Michael KreponCount Every Warhead: A Critique

Lyrics of the week

I’m looking and I’m dreaming for the first time
I’m inside and I’m outside at the same time
And everything is real
Do I like the way I feel?
When the world crashes in into my living room
Television man made me what I am
People like to put the television down
But we are just good friends
(I’m a) television man
–“Television Man,” David Byrne and the Talking Heads

There ain’t no room for the hopeless sinner
Who would hurt all mankind just to save his own, believe me now
Have pity on those whose chances grow thinner
For there’s no hiding place against the kingdom’s throne
–“People Get Ready,” Curtis Mayfield and the Impressions

I’m already on record as saying that the Trump/Bolton proposal to count every Russian and Chinese warhead is a worthwhile goal. And I’m on record as saying that it’s a scam designed to reduce or do away with a five-year extension of New START, the foundation for any serious effort to come up with broader coverage. Now let’s turn to the proposal itself, or at least the cartoon version of it that we’ve been given. How does the Trump/Bolton proposal stack up as arms control? Not good. Not good at all. Here’s why.

Let’s start with the fundamentals. What do we want arms control to accomplish? What should this practice be about? The Founding Fathers (Schelling, Halperin et. al.) said that arms control was about stabilization and risk reduction. Numbers became a means to this end, as did stabilizing forms of transparency. But the heart of the matter was stabilization and risk reduction. You don’t reduce nuclear dangers and weapons without stabilization and and a mutual willingness to reduce nuclear dangers.

How does the Trump/Bolton approach measure up to these fundamentals? Poorly. The Trump/Bolton approach is about transparency – the means to worthwhile ends – but not stabilization and risk reduction. Counting every warhead – assuming we could reach agreement on this with Moscow and Beijing – doesn’t stabilize anything. Nor does it reduce nuclear dangers and risks. It’s a measuring stick, and nothing more.

Why are we counting warheads? Is it to set ceilings on them? To reduce them? If so, what ratios does the Trump/Bolton proposal envision? It would be useful to know if this is part of the plan. Counting warheads alone does not reduce nuclear dangers. Counting warheads does not reduce warheads or their means of delivery. Every President with the exception of Trump since Gerald Ford and Jimmy Carter has focused on ways to count both warheads and their means of delivery.

This general approach entailed assigning warhead counting rules to different types of missiles and bombers while employing national technical means and subsequently on-site inspections to verify warhead totals on deployed forces. Different counting rules have been applied at different times, but this approach has worked exceedingly well over the passage of time. By focusing on warheads and their means of delivery, arms control and reduction treaties reduced Cold War excess by 85 percent.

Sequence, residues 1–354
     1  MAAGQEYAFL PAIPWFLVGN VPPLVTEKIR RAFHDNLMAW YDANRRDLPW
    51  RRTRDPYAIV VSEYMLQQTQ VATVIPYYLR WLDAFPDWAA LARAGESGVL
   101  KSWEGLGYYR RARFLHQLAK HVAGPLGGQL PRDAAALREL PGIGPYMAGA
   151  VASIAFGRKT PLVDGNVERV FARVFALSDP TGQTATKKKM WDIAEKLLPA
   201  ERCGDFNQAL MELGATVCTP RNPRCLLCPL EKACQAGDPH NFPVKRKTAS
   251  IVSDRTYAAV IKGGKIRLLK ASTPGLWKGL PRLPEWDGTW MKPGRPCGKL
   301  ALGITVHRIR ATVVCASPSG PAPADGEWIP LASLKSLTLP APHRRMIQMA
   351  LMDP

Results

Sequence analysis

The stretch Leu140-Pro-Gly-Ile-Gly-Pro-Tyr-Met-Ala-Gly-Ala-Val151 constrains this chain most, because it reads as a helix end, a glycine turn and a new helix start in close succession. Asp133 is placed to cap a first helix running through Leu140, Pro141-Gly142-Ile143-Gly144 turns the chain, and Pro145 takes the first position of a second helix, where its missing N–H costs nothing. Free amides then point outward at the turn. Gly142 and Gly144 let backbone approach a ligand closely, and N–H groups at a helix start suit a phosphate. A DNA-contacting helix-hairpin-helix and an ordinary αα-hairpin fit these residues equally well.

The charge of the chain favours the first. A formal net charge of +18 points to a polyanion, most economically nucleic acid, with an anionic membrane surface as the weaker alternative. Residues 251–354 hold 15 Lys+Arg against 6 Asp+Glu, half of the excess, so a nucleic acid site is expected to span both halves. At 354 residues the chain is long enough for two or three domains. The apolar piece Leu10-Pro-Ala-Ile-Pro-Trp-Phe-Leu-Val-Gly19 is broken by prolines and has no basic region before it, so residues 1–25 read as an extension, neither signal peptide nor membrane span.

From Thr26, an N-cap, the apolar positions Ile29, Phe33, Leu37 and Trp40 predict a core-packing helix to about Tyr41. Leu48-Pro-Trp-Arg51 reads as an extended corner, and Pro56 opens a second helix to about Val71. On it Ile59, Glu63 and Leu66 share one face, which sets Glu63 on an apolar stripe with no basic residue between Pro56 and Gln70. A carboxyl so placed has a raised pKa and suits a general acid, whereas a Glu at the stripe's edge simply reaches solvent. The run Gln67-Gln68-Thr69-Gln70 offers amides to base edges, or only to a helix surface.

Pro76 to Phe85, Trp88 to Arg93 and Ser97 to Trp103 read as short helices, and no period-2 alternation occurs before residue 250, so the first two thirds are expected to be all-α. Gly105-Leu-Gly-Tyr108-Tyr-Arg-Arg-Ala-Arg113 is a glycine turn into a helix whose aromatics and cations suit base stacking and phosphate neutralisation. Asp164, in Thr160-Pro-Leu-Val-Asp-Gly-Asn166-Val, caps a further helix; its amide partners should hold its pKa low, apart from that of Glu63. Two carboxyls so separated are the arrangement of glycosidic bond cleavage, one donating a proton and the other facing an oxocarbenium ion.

Perhaps because this approach was so successful, some deterrence strengtheners now feel uncomfortable with further reductions and have shifted gears to a count-every-warhead approach. Their preferred approach seems seriously deficient. Counting warheads without limiting their number and without limiting their means of delivery does not reassure, stabilize, and reduce nuclear dangers.

Counting every warhead provides none of the above unless there are limits on how these warheads reach their targets. A count-every-warhead approach, assuming it could be negotiated, succeeds as a transparency measure, but fails as arms control. It also fails to strengthen deterrence. To succeed at strengthening deterrence, an adversary’s warhead count would need to be combined with stabilizing and reassuring limits on their means of delivery.

The Trump/Bolton proposal is silent about means of delivery. What limits and ceilings would they propose for U.S., Russian, and Chinese delivery vehicles for warheads?  Don’t expect answers. They are not needed because they don’t expect success in counting every warhead. But a serious arms control proposal – one that reduces nuclear dangers and provides stabilization and reassurance — would answer this question. A serious proposal would cover launchers as well as warheads.

China will not join a three-power control regime limiting launchers as well as warheads that consigns it to a second tier. Insisting that China join Russia and the United States as a second-tier power would encourage Beijing to do exactly what Moscow did while awaiting the beginning of strategic arms limitation talks in the late 1960s – to rush to catch up.

A three-power, ratio-based approach invites a reinvigorated competition in nuclear arms. It would encourage Beijing, which has not taken the dictates of nuclear deterrence as seriously as Moscow or Washington, to make amends and to narrow these ratios, thereby defeating the purpose of these proposals. And if China rushes to catch up, as deterrence strengtheners fear, U.S. and Russian numbers would likely rise, as well. As the numbers grow, stabilization and reassurance would decline even if there are gains in transparency.

Insisting that China and Russia join a count-every-warhead regime fails as an arms control measure. It succeeds only as a diversion from true arms control. It’s a non-starter. It’s also a way to bury New START.

Comments

  1. Bill Moon (History)

    Absolutely agree with the assessment of the Administration’s intents with regard to counting warheads. Not sure I see how or why a ratio-based approach would necessarily invigorate competition. If China only seeks to maintain a retaliatory capability then they could consider a ratio based approach if it constrained the US and Russia, couldn’t they?

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